So what’s the big deal with acrylic face mounting you ask?  If I could boil it down to really two key differentiators I’d say the first is that acrylic has unique properties that allow light to refract within the acrylic, illuminating the image in the right light.  This isn’t something that glass provides as light simply passes through.  The other key differentiator is that the image is the star in this presentation with zero distraction from a frame around the image or any kind of hardware such as stand off bolts in the corner.  We print your photo to high grade photo paper (satin or metallic), then the print is face mounted to the acrylic so that you are looking through the acrylic at your image.  To complete the modern look we add kiln dried doug fir floater blocks to the back so that it appears as if this vibrant piece is floating in air on your wall.  Here’s a look at an acrylic print we did for a customer who captured a vibrant shot of Chihuly’s glass installation at the Bellagio in Vegas.

chihuly bellagio acrylic print

The beauty of this kind photo presentation can’t be fully appreciated with pictures and video on a webpage unfortunately.  As much as we try to give a full perspective of how it’s going to look it really needs to be seen in person.  The pop that you see in the image.  The WOW responses we receive from customers when they open their Bumblejax package is only a result of seeing it in the flesh and on the wall.

Would you like the Peter Lik treatment on your photos?  We’d love to produce one for you!  You can see all the details of our acrylic print product here.  We offer 50% off on a first order for pro photographers along with many other benefits.  If you’re not a pro photographer and just want a piece of gallery quality art using your own photo you can get 10% off on your first order by signing up for our newsletter on the home page.  We also provide bulk order discounting!  We look forward to hearing from you so contact us today if you have any questions about our process or pricing.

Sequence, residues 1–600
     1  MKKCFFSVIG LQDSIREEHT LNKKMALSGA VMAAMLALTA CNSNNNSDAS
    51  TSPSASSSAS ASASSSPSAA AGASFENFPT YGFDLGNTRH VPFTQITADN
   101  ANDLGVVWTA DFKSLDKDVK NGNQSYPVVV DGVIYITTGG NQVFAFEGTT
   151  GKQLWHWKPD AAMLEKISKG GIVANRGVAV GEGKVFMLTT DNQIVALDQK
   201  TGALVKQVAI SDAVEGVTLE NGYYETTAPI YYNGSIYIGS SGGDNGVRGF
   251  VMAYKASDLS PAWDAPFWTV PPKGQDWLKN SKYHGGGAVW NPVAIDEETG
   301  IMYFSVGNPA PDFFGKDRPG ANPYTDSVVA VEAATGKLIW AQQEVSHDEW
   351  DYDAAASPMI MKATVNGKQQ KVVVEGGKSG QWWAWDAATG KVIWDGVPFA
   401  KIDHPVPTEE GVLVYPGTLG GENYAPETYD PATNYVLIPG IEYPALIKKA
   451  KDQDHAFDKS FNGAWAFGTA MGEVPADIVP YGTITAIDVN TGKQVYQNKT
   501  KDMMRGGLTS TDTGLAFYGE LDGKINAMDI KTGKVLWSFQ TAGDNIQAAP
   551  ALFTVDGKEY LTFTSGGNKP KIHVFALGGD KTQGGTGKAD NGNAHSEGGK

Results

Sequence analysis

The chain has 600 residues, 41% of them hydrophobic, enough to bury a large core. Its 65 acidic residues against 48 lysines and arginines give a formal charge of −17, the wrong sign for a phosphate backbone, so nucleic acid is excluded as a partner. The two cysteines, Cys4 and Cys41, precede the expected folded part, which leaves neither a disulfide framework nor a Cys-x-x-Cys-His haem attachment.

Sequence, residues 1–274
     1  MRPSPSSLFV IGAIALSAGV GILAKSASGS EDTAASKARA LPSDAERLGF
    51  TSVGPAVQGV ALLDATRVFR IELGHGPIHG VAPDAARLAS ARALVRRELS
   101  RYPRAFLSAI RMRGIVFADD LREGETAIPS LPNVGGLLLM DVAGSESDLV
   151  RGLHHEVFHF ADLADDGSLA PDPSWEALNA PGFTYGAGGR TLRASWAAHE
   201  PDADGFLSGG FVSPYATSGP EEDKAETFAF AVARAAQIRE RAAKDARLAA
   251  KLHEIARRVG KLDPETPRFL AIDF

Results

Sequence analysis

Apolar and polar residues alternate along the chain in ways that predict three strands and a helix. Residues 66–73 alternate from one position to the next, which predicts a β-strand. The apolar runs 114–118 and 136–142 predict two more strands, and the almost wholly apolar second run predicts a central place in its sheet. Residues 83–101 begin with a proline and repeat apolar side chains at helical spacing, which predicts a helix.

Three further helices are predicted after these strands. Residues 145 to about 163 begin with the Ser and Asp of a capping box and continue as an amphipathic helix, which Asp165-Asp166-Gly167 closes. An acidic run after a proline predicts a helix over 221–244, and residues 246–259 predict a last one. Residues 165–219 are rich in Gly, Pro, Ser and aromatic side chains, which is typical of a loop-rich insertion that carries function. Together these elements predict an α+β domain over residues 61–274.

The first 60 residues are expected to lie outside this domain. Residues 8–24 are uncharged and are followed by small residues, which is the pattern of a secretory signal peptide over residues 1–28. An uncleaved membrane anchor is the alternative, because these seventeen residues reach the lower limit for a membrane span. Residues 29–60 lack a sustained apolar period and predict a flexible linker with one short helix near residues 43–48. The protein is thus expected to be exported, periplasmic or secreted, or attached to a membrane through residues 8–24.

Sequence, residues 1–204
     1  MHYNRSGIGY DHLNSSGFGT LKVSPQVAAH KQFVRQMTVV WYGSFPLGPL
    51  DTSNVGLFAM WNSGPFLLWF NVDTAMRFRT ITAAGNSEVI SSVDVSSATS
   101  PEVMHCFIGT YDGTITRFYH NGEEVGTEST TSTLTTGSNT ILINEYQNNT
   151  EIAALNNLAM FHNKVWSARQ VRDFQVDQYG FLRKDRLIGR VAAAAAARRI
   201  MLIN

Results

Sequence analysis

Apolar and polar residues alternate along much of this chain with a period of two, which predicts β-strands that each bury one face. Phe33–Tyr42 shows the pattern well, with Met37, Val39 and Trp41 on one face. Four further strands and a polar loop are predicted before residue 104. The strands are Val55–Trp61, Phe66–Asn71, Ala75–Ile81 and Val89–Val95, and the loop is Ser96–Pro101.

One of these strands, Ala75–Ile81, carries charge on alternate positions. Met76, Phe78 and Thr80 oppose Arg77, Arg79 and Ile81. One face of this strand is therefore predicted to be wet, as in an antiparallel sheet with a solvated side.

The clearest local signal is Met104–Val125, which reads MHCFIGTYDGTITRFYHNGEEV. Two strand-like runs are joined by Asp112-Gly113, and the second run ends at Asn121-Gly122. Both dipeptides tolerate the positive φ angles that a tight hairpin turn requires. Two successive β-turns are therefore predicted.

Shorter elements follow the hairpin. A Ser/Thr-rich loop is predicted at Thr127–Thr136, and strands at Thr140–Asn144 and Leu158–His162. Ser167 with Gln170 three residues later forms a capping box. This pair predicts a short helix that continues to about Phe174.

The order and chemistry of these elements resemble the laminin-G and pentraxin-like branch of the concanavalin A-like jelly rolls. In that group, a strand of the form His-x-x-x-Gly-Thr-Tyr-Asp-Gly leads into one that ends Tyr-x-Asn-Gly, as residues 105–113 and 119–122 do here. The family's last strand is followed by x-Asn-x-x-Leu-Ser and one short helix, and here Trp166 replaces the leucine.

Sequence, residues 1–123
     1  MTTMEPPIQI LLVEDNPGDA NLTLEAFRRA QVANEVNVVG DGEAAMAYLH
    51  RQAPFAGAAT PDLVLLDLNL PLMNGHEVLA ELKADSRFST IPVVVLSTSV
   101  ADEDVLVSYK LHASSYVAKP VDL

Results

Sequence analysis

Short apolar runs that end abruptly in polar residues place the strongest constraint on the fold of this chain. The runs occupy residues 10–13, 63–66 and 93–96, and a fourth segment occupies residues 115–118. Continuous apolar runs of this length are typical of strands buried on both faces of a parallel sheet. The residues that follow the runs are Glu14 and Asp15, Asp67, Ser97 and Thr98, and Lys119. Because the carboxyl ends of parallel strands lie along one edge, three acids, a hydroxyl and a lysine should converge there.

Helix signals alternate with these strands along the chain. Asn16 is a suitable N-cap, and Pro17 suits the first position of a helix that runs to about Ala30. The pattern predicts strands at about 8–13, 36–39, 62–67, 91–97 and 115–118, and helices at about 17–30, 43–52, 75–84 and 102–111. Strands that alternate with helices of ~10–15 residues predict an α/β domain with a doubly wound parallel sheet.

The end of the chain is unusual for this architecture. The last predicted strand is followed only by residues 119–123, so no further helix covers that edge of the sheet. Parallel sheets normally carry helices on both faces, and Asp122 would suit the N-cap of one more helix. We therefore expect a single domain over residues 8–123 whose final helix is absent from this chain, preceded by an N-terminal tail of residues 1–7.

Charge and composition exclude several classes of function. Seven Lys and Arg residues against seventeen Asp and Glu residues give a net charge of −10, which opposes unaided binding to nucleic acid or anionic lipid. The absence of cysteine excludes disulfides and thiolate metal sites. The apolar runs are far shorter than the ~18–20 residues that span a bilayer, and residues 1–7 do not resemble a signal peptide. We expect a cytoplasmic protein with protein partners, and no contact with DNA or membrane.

underwater photographyOuter space and the deep blue sea are the two most elusive frontiers we have to explore, and thanks to changing technology, at least one is getting easier for the average Joe.

Over a century ago, photographer William Thompson took the first-ever underwater photograph of a blurry bundle of seaweed in the shallows of south England. Louis Bouton took the first clearly focused photograph nearly forty years later.  Both photographers used well-sealed boxes to execute their shots.  The first true underwater photography device was invented years later by an American photojournalist named Jack Williamson in the early 1900’s, and eventually the technology evolved.  National Geographic published the first underwater color images in 1927.

At this point in time equipment was not only extremely rare, but also bulky and difficult to use. Soon after, Jacques Cousteau and Emile Gagnan, inventors of the aqualung, began developing more user-friendly equipment with other divers. It wasn’t until 1957 when Cousteau teamed up with Belgian inventor Jean de Wouters to create the Calypso 35mm underwater range finder that the future of subaquatic photography was clearly seen.

Throughout the 70’s and 80’s Nat Geo was the go-to source for underwater photography.  For those dwelling inland, these photos were their only source of aquatic visuals apart from vacation snorkeling, trips to the aquarium and the household goldfish.  Today, we live in an era of rapidly expanding accessibility to aquatic photography.